The Smart Factory Part One: Digitization, Digitization, Digitization – News Couple

The Smart Factory Part One: Digitization, Digitization, Digitization

Manufacturers and distributors want to dramatically increase their efficiency, productivity, and accuracy through intelligent technologies, data analytics, and connected services. Moving from manual processes and implementing automated solutions improves processes, improves performance monitoring and decision-making, avoids rework, downtime, defects, bottlenecks, and ultimately improves customer service and increases profitability.

The digital transformation of plant and supply chain operations and operations depends on the digitization of carefully selected machines and the digitization of related business processes. One of the main drivers of digital transformation is to give the organization the ability to respond quickly to changing market conditions and customer requirements. In a research study led by SYSPRO, 29% of companies reported that their systems lacked response during the pandemic and that they would be adopting new business systems to meet immediate needs and accelerate digital transformation.

What would they change without a thorough understanding of the new business landscape, the new technologies available, and where they can best be used? To understand this question, we need to understand the difference between digitization and digitization? These terms are often used interchangeably, yet understanding the difference is critical in moving towards smart factories powered by digital technologies.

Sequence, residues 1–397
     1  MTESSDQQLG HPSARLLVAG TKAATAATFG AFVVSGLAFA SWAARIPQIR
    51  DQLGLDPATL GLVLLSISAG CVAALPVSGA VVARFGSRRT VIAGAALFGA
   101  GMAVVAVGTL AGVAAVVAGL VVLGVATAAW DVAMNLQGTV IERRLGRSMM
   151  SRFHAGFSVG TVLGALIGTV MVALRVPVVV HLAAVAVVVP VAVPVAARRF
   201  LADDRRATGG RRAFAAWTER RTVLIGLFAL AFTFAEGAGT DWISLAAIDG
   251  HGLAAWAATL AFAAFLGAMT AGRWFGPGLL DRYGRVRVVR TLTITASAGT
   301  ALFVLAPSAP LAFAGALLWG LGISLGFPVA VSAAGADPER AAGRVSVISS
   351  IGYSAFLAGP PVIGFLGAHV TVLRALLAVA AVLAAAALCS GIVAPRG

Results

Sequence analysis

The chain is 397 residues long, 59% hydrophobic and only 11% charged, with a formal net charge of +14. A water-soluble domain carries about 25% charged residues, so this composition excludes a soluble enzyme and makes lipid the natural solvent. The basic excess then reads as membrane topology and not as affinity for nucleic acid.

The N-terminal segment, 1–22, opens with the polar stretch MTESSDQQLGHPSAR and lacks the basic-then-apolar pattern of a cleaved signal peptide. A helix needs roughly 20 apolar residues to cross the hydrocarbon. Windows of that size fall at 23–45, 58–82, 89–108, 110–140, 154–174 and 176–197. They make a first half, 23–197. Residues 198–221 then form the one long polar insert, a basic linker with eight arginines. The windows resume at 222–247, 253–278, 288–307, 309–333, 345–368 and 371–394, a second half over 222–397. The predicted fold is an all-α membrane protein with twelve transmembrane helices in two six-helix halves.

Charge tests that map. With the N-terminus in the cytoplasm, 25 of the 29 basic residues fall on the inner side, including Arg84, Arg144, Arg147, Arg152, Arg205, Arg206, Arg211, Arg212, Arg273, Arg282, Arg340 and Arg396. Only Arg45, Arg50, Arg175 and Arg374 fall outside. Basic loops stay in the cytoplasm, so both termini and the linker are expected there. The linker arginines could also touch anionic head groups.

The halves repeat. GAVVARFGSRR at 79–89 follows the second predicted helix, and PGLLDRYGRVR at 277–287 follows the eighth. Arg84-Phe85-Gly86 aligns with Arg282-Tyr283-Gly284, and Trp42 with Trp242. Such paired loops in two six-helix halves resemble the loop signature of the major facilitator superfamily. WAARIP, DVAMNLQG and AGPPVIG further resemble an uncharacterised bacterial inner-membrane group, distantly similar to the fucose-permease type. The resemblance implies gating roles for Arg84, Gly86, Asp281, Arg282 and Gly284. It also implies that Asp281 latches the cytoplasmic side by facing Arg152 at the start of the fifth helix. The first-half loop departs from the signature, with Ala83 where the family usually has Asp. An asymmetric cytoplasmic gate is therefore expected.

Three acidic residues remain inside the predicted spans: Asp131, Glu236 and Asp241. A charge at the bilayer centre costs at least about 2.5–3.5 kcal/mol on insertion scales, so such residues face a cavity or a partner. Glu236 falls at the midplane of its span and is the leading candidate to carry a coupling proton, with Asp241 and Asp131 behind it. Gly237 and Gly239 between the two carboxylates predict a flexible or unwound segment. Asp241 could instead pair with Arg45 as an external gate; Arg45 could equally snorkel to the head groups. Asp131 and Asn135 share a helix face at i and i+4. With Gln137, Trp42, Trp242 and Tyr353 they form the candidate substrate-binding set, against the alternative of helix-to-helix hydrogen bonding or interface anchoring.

So here it is – read on to gain a greater understanding of these concepts and the role they play in your journey to a smart factory.

Digitization: from analog information to digital data

Analog data cannot be collected or processed digitally, while digital data can be easily collected and analyzed. This will make it nearly impossible to determine any trends around things like customer preferences and requirements, as well as determine the optimal future direction for your organization from a technical perspective if the organization is only producing analog data.

Therefore, the first step is to get all the information – documents and data – in a digital format. This has two separate activities attached to it. First, collect all your old data and convert it to digital format. This means scanning documents or entering data into a computer manually. The best approach is to start with your main engines because once this information is digitized, you can start processing it to get tangible benefits for the organization.

The second step will be to transform all critical business data that is produced from now on that requires analytics to be collected from now on. You may have traveled fairly down this road already. It may seem like a fundamental change, but digitization has made it possible to eliminate paper archives as well as countless papers, folders, and files. Besides taking up much less space, digital data is easy to access, share, and manage – allowing processes to be analyzed, improved, and ultimately automated. In a factory environment, one example is the digitization of records for a more efficient way of keeping records, thus improving batch tracing.

Digitization: Transforming Business Processes

While digitization is all about documents and data, digitization is focused on digitizing existing business processes. It goes beyond digitizing information and focuses on digitizing systems and introduces the concept of automated processes to improve accuracy and efficiency.

The Internet of Things (IoT) and the Industrial Internet of Things (IIOT) are a prime example of digitization. It is about the interconnection of the supply chain – reading data from a digital machine, acting on it and sending the data to another entity in the chain. Imagine your refrigerator being able to monitor how much milk you have left, and when more is needed, it sends a notification to the dairy who then packs the milk and delivers it to you.

Using digitization, you can reliably manage daily performance, learn from the past and respond to future fluctuations in market dynamics. Drive innovation, create value, improve safety, and enhance resource management. Regular jobs have been automated and all employees are actively involved in decision making and improving business results.